Incorporating natural adaptations of common marmosets to improve their welfare in captivity, and quality of scientific output

Date & Time

June 27, 2019. 13:00-


Large Conference Room, PRI

Prof. Hannah M. Buchanan-Smith
Behaviour and Evolution Research Group, Department of Psychology, University of Stirling, Stirling, Scotland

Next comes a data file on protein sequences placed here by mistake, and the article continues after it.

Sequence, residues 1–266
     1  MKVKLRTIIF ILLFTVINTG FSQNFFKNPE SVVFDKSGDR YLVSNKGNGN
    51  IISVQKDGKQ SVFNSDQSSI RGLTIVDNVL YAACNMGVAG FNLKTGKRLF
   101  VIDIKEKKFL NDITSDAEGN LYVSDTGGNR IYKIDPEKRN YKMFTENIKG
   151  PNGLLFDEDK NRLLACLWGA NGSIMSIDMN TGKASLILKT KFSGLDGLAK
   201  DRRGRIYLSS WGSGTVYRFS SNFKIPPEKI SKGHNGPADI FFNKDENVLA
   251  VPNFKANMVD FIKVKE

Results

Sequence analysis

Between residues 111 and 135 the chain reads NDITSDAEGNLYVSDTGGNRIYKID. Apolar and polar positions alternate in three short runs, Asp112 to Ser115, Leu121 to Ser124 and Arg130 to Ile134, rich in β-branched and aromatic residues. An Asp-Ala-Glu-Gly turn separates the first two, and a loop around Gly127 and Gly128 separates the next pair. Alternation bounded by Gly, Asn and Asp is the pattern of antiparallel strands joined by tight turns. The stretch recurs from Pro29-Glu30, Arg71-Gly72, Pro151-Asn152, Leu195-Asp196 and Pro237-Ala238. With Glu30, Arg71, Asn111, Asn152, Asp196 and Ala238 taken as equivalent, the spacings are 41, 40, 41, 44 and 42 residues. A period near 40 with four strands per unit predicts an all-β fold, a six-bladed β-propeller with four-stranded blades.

The common marmoset, Callithrix jacchus, is the most frequently used a New World primate in laboratory research and testing, due to its small size, apparent breeding success, and easy handling which makes them comparatively inexpensive to keep. However, there are considerable welfare problems associated with their use in laboratories, even within the 3Rs framework (Replacement, Reduction and Refinement) which underpins humane experimentation on animals. Environmental enrichment is a critical component of Refinement, one of the 3Rs. In this presentation I discuss why primates housed in laboratories, which often have constraints of space and study protocols, are a special case for enrichment. Using the five categories of environmental enrichment (Physical, Social, Food, Cognitive/occupational, and Sensory) I illustrate how an understanding of the natural history of marmosets can inform welfare decisions for housing and husbandry in the laboratory. I highlight the link between welfare and quality of scientific output, especially in relation to positive reinforcement training and restraining marmosets. I conclude that the promotion of good welfare is critical for ethical reasons, financial reasons and also for good science.